Everyone else is 64 bit

Discussion of music production, audio, equipment and any related topics, either with or without Ableton Live
Pasha
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Re: Everyone else is 64 bit

Post by Pasha » Mon Apr 11, 2011 6:08 am

If RAM is the issue, can someone explain why Roland for example with its V-Piano generation and below, stopped using big libs in favor of Math Modeling? They could go 64 bit like I guess Korg is doing. (a little off-topic, we're talking DAWs here but nowadays Workstations do more and more..), what do you think?
Apple iMac 2013 / Macbook Late 2012
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The Carpet Cleaner
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Re: Everyone else is 64 bit

Post by The Carpet Cleaner » Mon Apr 11, 2011 6:33 am

just one question : With maschine standalone, you can launch it 64 or 32 bits. Guess what? I launch it 32 bits otherwise 80% of my plug-ins don't work...

Saxer
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Re: Everyone else is 64 bit

Post by Saxer » Mon Apr 11, 2011 7:36 am

The Carpet Cleaner wrote:just one question : With maschine standalone, you can launch it 64 or 32 bits. Guess what? I launch it 32 bits otherwise 80% of my plug-ins don't work...
yepp, you have to update your plugins to 64bit-compatible versions... if avaliable.

Khazul
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Re: Everyone else is 64 bit

Post by Khazul » Mon Apr 11, 2011 7:52 am

Pasha wrote:If RAM is the issue, can someone explain why Roland for example with its V-Piano generation and below, stopped using big libs in favor of Math Modeling? They could go 64 bit like I guess Korg is doing. (a little off-topic, we're talking DAWs here but nowadays Workstations do more and more..), what do you think?
Roland have a history of wanting to model things rather than just be a synth/sampler etc. Many of their in house failures have because some of the electronic music worlds favourite toys when abused - 303 possibly being the best example of a modelling failure that found alternate sucess evenually.

The D50 sample + synthesis was at the time as interesting attempt at modelling that fitted the limited digital technology of the day. Yes - nice synth too, but its design was based upon using samples to deal with the bits that were really heard to model decently and let synthesis deal with the bits that a player would want to control as a sound envolves.

Fast fordward - v-drum series is a long foray into modelling. I think there is even a v-accordian somewhere. The original v-synth and its immediate predessor was driven by a desire to model rather than specifically synthesize. V-Synth GT is what really added the missing elements to make it work convincingly for some sounds. As usual with roland attempts - it happenned to make for an interesting synth as well.

The V-Piano to me is just roland moving further down that long term goal of modelling things. Finally analysis and hardware availability is leading to algorythms with practical implementation in reasonably buildable hardware. V-piano is very expensive for what it is really, actually so are the high end v-drum modules. In the case of the v-piano - part of that cost might be due to needing several fast DSP to do the job (TBH I have no ideal what is inside the v-piano) as well as roland just wanting to sting early adopters as is usual for most businesses one way or another. Actually roland seems to want to sting everyone these days except for their pet USA market, but thats a different issue.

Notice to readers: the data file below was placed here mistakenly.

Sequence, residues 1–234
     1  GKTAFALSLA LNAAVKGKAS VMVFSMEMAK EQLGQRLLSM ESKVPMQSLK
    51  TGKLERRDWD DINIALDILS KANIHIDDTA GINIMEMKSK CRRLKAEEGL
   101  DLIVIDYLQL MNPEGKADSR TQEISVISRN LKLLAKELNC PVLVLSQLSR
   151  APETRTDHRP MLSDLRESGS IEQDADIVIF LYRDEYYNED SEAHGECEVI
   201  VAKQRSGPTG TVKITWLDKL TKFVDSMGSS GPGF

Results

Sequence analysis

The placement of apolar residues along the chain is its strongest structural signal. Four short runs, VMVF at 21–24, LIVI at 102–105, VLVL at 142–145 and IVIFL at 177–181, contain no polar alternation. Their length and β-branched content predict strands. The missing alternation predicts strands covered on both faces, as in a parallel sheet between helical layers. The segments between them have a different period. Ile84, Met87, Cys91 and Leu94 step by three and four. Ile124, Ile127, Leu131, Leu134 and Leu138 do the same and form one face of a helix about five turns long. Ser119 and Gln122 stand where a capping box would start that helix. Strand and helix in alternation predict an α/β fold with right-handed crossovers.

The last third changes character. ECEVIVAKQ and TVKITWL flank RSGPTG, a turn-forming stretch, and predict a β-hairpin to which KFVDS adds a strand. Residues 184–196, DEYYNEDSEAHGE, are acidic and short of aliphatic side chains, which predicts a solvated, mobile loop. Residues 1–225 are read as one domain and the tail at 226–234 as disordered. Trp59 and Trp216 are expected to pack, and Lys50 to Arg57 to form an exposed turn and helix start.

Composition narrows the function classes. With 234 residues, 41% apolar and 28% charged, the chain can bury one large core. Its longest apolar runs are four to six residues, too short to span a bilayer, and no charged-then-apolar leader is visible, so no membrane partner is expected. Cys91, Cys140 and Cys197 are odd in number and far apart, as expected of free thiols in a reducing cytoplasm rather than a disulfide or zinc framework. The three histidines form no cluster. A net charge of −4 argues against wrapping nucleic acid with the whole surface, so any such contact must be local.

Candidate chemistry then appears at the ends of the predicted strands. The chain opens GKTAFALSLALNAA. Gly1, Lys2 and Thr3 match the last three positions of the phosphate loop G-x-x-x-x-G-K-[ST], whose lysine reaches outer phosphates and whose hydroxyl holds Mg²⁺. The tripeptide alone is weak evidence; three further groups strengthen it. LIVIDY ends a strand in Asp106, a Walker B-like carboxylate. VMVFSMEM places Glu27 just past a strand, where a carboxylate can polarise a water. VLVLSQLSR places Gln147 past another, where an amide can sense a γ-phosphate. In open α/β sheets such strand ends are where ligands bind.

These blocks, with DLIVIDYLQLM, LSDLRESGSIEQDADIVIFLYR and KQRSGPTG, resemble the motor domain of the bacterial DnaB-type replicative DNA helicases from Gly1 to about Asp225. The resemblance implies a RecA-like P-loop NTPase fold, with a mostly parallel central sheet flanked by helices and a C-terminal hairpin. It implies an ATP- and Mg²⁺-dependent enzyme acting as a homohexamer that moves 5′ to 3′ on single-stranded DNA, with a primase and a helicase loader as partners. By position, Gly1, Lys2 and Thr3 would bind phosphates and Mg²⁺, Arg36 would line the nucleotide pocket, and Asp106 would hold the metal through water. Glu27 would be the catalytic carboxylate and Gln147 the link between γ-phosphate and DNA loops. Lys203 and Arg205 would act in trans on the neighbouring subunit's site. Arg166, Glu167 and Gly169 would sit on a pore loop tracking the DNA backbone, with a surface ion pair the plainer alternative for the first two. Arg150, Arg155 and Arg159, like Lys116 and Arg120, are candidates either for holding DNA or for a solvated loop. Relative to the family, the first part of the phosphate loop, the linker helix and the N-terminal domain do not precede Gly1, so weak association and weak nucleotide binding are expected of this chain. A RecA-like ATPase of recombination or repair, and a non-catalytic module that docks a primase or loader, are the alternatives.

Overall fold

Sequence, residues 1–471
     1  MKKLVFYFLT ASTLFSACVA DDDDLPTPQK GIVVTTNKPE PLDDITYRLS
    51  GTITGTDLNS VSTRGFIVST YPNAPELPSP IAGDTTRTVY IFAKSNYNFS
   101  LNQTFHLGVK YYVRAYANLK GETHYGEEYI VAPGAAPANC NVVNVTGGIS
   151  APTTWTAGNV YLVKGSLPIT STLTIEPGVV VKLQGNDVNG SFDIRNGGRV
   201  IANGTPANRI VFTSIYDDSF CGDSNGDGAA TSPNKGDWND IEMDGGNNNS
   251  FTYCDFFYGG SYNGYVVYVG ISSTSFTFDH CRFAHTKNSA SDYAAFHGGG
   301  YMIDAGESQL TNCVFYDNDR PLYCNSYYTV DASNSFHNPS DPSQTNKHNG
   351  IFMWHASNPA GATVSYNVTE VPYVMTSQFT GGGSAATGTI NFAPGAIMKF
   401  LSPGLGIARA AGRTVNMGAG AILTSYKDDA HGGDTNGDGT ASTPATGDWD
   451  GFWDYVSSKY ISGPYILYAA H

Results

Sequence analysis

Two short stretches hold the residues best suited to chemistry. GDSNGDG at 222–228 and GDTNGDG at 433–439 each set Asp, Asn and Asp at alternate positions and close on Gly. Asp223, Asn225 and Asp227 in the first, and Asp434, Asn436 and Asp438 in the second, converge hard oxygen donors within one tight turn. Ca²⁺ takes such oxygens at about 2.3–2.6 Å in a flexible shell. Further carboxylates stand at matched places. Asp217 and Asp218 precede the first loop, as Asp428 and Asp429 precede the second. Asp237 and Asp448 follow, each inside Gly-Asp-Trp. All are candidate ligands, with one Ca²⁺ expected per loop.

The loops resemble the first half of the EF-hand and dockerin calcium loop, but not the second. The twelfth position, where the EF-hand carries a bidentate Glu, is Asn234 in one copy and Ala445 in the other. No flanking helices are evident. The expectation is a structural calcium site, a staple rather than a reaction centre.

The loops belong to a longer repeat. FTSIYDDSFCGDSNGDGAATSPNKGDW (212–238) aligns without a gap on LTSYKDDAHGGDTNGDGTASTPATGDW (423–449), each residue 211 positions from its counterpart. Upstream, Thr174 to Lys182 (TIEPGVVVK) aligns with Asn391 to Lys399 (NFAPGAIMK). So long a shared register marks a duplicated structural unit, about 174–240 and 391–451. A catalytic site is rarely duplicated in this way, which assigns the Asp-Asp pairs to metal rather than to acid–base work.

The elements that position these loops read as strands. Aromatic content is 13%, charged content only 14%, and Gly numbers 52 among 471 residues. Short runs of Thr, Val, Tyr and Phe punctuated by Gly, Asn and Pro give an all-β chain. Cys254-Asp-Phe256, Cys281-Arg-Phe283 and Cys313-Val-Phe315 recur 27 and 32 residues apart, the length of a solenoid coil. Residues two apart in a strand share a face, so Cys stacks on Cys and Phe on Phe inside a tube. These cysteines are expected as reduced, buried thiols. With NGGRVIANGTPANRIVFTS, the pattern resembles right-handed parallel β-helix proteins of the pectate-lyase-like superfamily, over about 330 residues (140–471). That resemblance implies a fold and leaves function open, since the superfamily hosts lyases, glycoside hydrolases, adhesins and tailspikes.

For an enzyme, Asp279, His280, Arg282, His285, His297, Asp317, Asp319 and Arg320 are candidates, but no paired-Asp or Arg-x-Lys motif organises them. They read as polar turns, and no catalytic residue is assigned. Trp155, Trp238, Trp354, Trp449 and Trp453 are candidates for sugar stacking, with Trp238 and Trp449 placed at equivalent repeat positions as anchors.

Korg OTOH dont have a modelling goal - just stuff that sells and people can fuk about with and make pop music or do whatever they want with etc. The Oasys was (I think) the foundation of a brute force approach of taking a generic computer and a general OS to do all the system managment, UI etc and farm out actual DSP work to a bunch of DSPs. Its like a PC running Linux with say a bunch of UAD cards plugged in (IIRC). 64 bit is a logical next step for a platform that is at heart very generic computer like. You may as well take advantage fo the general computer ways for doing things - big sample libraries etc rather than being constrained to stuff as much as possible into a tiny amount of ROM. Back with the M1 - Korg started a heavy sample based approach to doing things. In fact the M1 was so good, many of us still use it today for some sounds.

Hard to mention these two with also mentioning Yamaha - well they started as odd balls and from that day to this about all they have ever shown is a distinct lack of direction and consistency or purpose. Not suprising - they have other interests like motorbikes etc... Just a business that makes shit that sells for the hell of it - a classic we do everything type of big far-eastern company.

Anyway - point is what these companies are doing doesnt have that much to do with the general memory is cheap argument. If memory still cost $100 per MB and they could find a reliable market for somethign with several gigs in it at some extortionate price - they would do it.
Nothing to see here - move along!

sach160
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Re: Everyone else is 64 bit

Post by sach160 » Mon Apr 11, 2011 8:35 am

+1 for 64 bit (or workaround like splitting processes to allow more than 2gb of memory). The argument for 64 bit seems very simple - a lot of users (possibly most and certainly anyone who likes to use hungry 3rd party vsts) are running out of memory and having to bounce things when everyone using other DAWs doesn't have to. Simple. If Live 9 isn't 64 bit, I bet many users will look to move to another DAW.

Pasha
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Re: Everyone else is 64 bit